Searching over 5,500,000 cases.


searching
Buy This Entire Record For $7.95

Download the entire decision to receive the complete text, official citation,
docket number, dissents and concurrences, and footnotes for this case.

Learn more about what you receive with purchase of this case.

Paul v. Berryhill

United States District Court, S.D. Indiana, Terre Haute Division

March 27, 2018

CARRIE ANN PAUL, Plaintiff,
v.
NANCY A. BERRYHILL, Defendant.

          ENTRY ON JUDICIAL REVIEW

          Mark J. Dinsmore United States Magistrate Judge.

         Carrie Ann Paul (“Paul”) requests judicial review of the final decision of the Commissioner of the Social Security Administration (“Commissioner”) denying her application for Disability Insurance Benefits (“DIB”) under Title II of the Social Security Act (“the Act”). See42 U.S.C. §§ 416(i), 423(d), 1382c(a)(3)(A). For the reasons set forth below, the Commissioner's decision is AFFIRMED.

         I. Background

         Paul filed an application for Supplemental Security Income (“SSI”) on March 14, 2013, alleging an onset of disability date of January 1, 2001. [Dkt. 17-5 at 2.] Paul later amended her onset date to February 1, 2013. [Dkt. 17-2 at 10.] Paul alleges disability due to remote spinal fusion from 1983 with lumbar spondylolisthesis, scoliosis, schizoaffective disorder, seizure disorder, anxiety and polysubstance dependence.[1] [Dkt. 17-2 at 12.] Paul's application was initially denied on July 10, 2013, and denied again on September 19, 2013, upon reconsideration. [Dkt. 17-4 at 5-17.] Paul timely filed a written request for a hearing, which was held on June 11, 2015, before Administrative Law Judge Mario G. Silva (“ALJ”). [Dkt. 17-4 at 35.] The ALJ issued a decision on July 27, 2015, again denying Paul's application for SSI. [Dkt. 17-2 at 7.] On February 23, 2017, the Appeals Council denied Paul's request for review, making the ALJ's decision the final decision for purposes of judicial review. [Dkt. 17-2 at 2.] Paul timely filed her Complaint in this Court on May 23, 2017, which Complaint is now before the Court.

         II. Legal Standard

         To be eligible for DIB or SSI, a claimant must have a disability pursuant to 42 U.S.C. § 423.[2] Disability is defined as the “inability to engage in any substantial gainful activity by reason of any medically determinable physical or mental impairment which can be expected to result in death or which has lasted or can be expected to last for a continuous period of not less than 12 months.” 42 U.S.C. § 423(d)(1)(A).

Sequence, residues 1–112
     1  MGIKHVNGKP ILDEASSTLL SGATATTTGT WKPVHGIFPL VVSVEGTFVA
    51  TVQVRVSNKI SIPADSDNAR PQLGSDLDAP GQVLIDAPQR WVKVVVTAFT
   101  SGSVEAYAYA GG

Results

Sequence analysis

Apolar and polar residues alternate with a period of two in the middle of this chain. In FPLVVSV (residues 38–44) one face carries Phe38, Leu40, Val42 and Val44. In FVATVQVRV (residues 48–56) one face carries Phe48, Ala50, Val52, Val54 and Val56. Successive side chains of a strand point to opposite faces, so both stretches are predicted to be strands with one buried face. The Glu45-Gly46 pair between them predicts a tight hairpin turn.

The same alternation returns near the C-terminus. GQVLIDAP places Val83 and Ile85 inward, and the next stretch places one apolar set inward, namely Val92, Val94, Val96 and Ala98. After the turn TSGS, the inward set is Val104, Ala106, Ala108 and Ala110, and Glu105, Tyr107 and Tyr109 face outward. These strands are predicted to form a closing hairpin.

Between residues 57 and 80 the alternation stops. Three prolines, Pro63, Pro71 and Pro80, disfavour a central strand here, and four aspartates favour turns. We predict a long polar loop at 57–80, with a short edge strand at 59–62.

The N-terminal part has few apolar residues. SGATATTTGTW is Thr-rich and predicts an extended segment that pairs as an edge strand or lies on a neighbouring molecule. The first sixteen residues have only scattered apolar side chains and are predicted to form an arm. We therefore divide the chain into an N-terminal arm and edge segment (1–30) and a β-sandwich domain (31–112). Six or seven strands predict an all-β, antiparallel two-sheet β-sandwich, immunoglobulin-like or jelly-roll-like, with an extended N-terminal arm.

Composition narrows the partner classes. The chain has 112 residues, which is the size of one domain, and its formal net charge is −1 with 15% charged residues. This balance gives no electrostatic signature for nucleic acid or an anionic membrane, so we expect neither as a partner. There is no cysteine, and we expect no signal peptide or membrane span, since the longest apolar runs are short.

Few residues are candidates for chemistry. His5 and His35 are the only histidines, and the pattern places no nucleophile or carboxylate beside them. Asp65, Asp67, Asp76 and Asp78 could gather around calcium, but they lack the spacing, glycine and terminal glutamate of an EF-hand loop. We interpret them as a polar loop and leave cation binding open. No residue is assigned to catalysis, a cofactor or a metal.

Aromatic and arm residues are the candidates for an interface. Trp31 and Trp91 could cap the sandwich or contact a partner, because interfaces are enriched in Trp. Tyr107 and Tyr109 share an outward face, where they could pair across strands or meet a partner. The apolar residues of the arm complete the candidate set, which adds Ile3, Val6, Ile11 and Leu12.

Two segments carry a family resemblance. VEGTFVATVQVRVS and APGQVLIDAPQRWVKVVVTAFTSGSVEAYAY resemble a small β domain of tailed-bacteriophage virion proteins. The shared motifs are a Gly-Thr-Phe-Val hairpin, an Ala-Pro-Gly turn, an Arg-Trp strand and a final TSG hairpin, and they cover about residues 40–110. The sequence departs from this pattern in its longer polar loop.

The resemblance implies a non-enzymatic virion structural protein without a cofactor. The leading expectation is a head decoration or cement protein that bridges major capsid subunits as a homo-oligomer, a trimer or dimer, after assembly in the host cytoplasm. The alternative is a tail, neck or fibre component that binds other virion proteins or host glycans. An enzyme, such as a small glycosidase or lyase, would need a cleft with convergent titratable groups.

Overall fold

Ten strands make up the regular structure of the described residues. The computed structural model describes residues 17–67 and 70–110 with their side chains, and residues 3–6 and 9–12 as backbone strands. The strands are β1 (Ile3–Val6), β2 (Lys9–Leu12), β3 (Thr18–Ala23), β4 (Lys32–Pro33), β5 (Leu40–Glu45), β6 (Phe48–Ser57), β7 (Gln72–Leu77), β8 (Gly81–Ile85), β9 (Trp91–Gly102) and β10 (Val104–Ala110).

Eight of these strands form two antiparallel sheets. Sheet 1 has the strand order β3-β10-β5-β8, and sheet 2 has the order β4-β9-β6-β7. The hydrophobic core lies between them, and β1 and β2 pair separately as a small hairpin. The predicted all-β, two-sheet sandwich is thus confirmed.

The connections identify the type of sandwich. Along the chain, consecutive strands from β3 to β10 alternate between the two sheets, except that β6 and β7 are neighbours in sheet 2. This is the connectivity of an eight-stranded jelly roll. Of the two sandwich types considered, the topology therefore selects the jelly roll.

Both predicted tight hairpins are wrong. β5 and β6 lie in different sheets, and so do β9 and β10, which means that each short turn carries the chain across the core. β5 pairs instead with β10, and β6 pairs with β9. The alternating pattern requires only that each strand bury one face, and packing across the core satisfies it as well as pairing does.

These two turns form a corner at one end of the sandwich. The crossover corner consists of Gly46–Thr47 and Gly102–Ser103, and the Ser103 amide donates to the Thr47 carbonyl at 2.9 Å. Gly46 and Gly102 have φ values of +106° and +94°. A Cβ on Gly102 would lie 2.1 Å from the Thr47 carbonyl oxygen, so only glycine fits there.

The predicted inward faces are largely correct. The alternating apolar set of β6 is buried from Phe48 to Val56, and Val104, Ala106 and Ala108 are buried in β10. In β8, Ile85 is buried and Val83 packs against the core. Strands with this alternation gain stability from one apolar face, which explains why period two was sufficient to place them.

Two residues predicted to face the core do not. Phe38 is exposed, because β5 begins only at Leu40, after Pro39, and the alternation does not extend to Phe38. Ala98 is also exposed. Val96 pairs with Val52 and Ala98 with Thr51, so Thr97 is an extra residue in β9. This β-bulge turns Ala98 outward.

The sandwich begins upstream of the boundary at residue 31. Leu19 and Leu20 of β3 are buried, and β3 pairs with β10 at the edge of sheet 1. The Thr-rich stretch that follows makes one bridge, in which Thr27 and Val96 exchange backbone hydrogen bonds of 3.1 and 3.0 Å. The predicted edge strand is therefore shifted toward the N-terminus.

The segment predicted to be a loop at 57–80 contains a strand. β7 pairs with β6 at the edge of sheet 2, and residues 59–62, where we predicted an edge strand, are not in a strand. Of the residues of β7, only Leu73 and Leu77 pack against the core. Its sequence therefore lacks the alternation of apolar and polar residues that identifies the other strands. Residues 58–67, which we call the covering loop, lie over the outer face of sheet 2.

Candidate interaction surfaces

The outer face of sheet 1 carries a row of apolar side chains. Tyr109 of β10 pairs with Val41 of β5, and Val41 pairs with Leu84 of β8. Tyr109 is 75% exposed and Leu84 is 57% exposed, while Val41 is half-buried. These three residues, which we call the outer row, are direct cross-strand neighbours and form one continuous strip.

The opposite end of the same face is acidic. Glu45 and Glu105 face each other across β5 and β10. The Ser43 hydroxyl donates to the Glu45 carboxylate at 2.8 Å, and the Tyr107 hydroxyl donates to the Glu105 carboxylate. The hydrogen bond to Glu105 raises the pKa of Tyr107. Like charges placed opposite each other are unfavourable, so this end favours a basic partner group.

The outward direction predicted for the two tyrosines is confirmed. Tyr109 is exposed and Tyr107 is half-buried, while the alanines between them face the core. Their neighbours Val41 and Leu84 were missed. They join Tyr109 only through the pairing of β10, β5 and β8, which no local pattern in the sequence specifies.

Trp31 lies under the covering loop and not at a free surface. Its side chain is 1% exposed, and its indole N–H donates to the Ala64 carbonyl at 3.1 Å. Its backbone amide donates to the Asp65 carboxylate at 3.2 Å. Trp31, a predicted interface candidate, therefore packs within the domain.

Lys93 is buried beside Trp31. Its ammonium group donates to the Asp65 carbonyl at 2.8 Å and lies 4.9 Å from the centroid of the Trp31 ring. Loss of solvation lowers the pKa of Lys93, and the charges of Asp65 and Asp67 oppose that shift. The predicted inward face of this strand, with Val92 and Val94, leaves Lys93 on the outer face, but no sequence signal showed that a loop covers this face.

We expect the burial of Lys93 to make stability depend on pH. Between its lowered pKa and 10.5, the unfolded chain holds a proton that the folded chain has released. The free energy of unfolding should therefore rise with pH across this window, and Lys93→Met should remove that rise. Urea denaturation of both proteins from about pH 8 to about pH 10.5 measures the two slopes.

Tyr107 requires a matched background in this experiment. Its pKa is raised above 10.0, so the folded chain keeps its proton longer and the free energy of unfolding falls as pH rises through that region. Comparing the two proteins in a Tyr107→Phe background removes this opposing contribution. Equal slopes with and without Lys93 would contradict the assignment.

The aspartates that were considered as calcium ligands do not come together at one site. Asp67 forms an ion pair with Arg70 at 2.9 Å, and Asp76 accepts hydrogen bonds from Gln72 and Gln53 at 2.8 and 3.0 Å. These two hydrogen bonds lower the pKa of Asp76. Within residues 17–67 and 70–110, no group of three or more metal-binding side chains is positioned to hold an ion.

To determine whether a claimant is disabled, the Commissioner, as represented by the ALJ, employs a five-step sequential analysis: (1) if the claimant is engaged in substantial gainful activity, she is not disabled; (2) if the claimant does not have a “severe” impairment, one that significantly limits her ability to perform basic work activities, she is not disabled; (3) if the claimant's impairment or combination of impairments meets or medically equals any impairment appearing in the Listing of Impairments, 20 C.F.R. pt. 404, subpart P, App. 1, the claimant is disabled; (4) if the claimant is not found to be disabled at step three and she is able to perform her past relevant work, she is not disabled; and (5) if the claimant is not found to be disabled at step three and cannot perform her past relevant work but she can perform certain other available work, she is not disabled. 20 C.F.R. § 404.1520. Before proceeding from step three to step four, the ALJ must assess the claimant's residual functional capacity (“RFC”), identifying the claimant's functional limitations and assessing the claimant's remaining capacity for work-related activities. S.S.R. 96-8p.